So, my word of the year…
Last year my word was empathy. It made sense right from the get-go. I knew it was something that I really needed to work on, and everything in my path helped me, guided me towards it.
This year? I couldn’t pin anything down. OK, I probably didn’t try very hard. I’m sure if I really sat down and demanded action, my mind would find a common theme, my heart would settle upon a softened patch of soil. But I didn’t set aside that time this year. (Come to think of it, this seems to be the theme of my year. Yikes.) I think I wanted it to just fall in my lap, slap me in the face, roll its eyes at me, like last year.
Well, that just wasn’t happening. Until it did. July 2nd. Only a wee bit over halfway through the year. Not terrible.
So the word? It’s three words. Three words that are irretrievable joined. Three words that depend upon one another almost as much as I depend on chocolate.
I. Don’t. Know.
Honestly, I don’t know how I’ve been so blind to it. It did drop in my lap. It certainly slapped me in the face. There were eye rolls everywhere.
As always, I’m a little slow on the uptake.
I’ve been Orthodox for over 16 years, and I’m still shedding the skins of my many past lives. Shedding the dead parts, anyway. All along the way, there was God, there was light, and the path was paved with more grace than I could ever ask for, but there was plenty of basement detritus deposited along the way as well, and it is sticky, grimy stuff. Clings tight. Like decades-old dust and cobwebs in a humid climate, the veil of ick can weld itself to the mind, to the heart; and it takes more than a gentle shower to find the gleam of the untarnished soul.
At this point, I’ve gone through an embarrassing number of power-washes, taken a trip or two through the martinizers, and even hired the Service Master guy to take a go at my mess, but still, it seems, the stains bleed through and I remain firmly and irrevocably human.
It’s a little disappointing, if we’re going to be completely honest. But it’s nice to know I’ll never run out of Areas In Need Of Improvement.
This year, it seems, is the year to work on the art of Not Knowing.
Left and right, I am reminded that black and white is but an illusion. No, more of a delusion. I’m learning that no matter how black and white things seem to me, it is only so because I do not know enough. I haven’t taken the matter to the trenches, where my blackness and my whiteness come up against real life, with real, human faces. And when the rubber meets the road, and I am confronted with the real issue, in real life, f’real, there is always another side. The previously unknown whiteness meets my frankly ugly blackness and it is clear that we live our lives in forty-million shades of grey.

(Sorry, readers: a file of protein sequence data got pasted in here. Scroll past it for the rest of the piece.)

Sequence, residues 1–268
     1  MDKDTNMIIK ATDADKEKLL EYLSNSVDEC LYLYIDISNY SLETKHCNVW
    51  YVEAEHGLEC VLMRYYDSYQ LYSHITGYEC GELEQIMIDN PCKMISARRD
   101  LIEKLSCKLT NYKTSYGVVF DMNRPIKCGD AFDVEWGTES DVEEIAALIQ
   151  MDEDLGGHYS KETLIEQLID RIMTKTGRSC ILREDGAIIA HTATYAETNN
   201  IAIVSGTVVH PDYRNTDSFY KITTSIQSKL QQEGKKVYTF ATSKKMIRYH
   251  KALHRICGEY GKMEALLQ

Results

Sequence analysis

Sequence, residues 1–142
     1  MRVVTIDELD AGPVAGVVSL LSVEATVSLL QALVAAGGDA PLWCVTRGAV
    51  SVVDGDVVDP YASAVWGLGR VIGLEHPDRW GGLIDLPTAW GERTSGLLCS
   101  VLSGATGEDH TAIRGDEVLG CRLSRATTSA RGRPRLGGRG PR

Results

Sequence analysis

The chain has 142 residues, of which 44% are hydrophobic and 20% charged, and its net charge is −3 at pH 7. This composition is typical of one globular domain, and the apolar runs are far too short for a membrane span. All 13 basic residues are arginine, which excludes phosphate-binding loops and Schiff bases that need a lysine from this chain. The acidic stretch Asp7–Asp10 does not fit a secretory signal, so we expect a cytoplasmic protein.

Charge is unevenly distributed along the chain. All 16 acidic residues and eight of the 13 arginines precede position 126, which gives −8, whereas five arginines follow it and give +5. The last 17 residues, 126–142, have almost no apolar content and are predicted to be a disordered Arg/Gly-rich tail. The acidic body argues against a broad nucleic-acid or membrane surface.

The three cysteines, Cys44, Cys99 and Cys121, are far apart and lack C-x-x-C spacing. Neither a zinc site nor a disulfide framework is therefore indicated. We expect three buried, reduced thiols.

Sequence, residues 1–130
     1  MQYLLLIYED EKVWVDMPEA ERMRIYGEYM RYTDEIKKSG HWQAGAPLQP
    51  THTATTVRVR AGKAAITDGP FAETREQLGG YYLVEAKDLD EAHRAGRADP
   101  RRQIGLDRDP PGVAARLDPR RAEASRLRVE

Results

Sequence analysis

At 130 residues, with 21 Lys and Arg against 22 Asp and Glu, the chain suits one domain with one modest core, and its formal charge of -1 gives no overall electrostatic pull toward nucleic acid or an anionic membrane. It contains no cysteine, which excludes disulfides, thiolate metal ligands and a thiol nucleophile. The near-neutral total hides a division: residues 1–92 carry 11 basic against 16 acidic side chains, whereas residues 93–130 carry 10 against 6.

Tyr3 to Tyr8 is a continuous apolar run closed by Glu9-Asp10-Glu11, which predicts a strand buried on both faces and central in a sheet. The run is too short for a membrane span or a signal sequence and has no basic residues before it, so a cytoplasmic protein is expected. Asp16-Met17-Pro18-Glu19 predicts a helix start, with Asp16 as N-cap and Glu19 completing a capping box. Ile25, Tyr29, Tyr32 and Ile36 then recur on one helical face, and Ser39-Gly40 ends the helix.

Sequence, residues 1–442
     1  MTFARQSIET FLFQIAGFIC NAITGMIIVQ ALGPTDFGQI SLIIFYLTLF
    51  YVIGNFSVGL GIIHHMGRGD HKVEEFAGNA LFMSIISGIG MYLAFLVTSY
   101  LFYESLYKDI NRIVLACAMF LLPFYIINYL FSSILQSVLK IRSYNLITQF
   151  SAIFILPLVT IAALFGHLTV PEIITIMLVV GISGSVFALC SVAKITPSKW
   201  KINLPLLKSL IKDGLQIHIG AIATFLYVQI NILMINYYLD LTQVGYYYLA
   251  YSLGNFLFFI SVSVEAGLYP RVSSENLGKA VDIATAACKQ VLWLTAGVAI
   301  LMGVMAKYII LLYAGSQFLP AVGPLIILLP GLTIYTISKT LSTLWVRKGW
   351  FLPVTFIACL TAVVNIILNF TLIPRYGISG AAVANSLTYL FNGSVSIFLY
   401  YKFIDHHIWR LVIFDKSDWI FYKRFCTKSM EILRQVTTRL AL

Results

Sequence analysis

Then we mix in some colors, just for fun.
Black and white are only for paint cans.
I’m grateful for all the slaps in the face, no matter how hard they are to deal with. I’m grateful for being forced to face my own ineptitude, no matter how painful the conversation. And I’m grateful for the moments when I can accept enough grace to emerge with thrown up hands.
I. Don’t. Know.
One more particle of filth dislodged from the fabric of my stubborn skin.
But still I am amazed. I am amazed every time a new cache of crap manifests itself. I am amazed each day that I am confronted with more of this messy life that shows me quite clearly how much I don’t know.
Most of all, I am amazed that even with this steadily swelling oil-tanker of evidence that shows me what I don’t know, I still think I know.
Throw me any new situation—one that hasn’t been yet tested in the waters of Krista’s arrogance—sometimes even one that has—and I am painfully quick to jump on the ingrained soapbox, convinced that I know more than you, and more than that guy, and certainly more than that guy.
Why is that? Why am I so slow to learn my own weaknesses? How, in the name of all that works together into the magic that is chocolate, can I still think that I am the possessor of All Knowledge?
Anyway, this is the year to take a breath, and to leave a little more space for not knowing. To leave a little room for being wrong, and a little time for cutting through a few more layers of built-up gunk and gack. Bring on the Light.
Here’s to it,